All 25 countries go head-to-head in tonight’s grand final of the Eurovision Song Contest. The bookies have Ukraine’s Kalush Orchestra as odds-on favourites to win the contest with their song Stefania. But this assumes that the entry will receive both high public and jury votes across participating countries — results that can often be quite different.
Sam Ryder, the UK’s entry, is hoping to do slightly better than his predecessor James Newman — not a difficult feat given that the artist failed to get a single point on the scoreboard.
It seems that each year some political event or controversy precludes Eurovision, with Russia’s invasion of Ukraine likely to dominate 2022’s contest.
Russia has in fact been excluded from competing in the event, with the European Broadcasting Union making the decision within 36 hours of the initial invasion on February 24.
The country has appeared in the contest since 1994 and won it in 2008.
While its presence has mostly gone without note, in 2013, a full-blown geopolitical crisis ensued after Russia accused Eurovision of “stealing” votes from it.
The episode escalated so much that the country’s foreign secretary, Sergei Lavrov, became involved, denouncing the competition in a press conference.
Managing to find time away from his stringent daily schedule — which included defending arms sales to Syria — he issued a stern warning following reports that Russia’s contestant, Dina Garipova, had been deprived of ten points allegedly issued by Azerbaijan, according to The Guardian.
During a press conference with his Azeri counterpart, Elmar Mammadyarov, Mr Lavrov said: “That 10 points were stolen from our contestant during the Eurovision 2013 contest does not make us happy regarding the organisation of the event.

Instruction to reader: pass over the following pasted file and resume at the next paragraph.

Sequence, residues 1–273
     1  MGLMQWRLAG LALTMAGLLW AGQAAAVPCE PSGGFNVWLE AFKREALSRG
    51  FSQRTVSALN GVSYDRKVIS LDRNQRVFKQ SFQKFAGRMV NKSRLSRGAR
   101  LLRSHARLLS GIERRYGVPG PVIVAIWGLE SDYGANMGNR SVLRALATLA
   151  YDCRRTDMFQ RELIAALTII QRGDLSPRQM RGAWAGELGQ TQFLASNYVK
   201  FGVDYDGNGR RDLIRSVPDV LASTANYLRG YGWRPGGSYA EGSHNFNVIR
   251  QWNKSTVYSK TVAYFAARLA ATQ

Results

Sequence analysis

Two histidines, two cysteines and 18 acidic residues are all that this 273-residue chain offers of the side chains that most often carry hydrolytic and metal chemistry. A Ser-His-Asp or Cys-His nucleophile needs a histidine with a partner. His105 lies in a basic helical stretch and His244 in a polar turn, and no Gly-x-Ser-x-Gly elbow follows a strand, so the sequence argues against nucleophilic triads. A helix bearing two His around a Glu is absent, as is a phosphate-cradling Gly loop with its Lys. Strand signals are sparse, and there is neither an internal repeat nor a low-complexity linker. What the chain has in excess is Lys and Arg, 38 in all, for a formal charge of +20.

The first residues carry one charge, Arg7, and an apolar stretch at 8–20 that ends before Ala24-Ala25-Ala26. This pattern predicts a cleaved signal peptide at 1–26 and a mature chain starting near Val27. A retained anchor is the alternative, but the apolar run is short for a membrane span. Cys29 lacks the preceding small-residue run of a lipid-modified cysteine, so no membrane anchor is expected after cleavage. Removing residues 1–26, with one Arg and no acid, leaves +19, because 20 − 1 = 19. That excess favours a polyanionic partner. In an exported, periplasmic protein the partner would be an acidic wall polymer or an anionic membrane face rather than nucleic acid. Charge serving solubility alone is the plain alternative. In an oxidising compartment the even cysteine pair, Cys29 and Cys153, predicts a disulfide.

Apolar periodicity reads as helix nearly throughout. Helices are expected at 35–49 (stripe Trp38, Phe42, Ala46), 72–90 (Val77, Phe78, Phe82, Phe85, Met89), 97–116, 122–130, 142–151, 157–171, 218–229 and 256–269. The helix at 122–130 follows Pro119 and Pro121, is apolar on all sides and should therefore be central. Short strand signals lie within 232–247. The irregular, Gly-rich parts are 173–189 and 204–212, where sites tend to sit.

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It is unclear how this investigation went, or if it was ever fully launched.
Polad Bülbüloğlu, Azerbaijan’s ambassador to Russia who was famous during the Soviet era for composing jazz-influenced pop songs, told Russian television that it was impossible that Garipova had not scored any points in his country.
Awkwardly, Russia gave Azerbaijan the maximum 12 points.
The Eurovision voting system has become highly politicised over the years, especially in the countries where it is taken extremely seriously, like in Russia and Eastern Europe.
Traditionally, ex-Soviet countries would often share points between each other when the voting came around.
But that has changed in recent years, especially as more and more former USSR countries look to distance themselves from their Soviet histories and present-day Russia.
There are two sets of results from each country: one from a national jury and another from a public vote.
Each country selects five musicians to rank every song performed.
They then distribute points to the top ten acts.
These are the results that viewers see given out during the final from announcers standing in front of landmarks, more often than not green screen animations.
Later, there is the televote, where viewers at home decide who their favourite act is on the night, although they cannot vote for their own country.
Just like the jury vote, points are given from each country to the acts the audience selects as the ten best performances.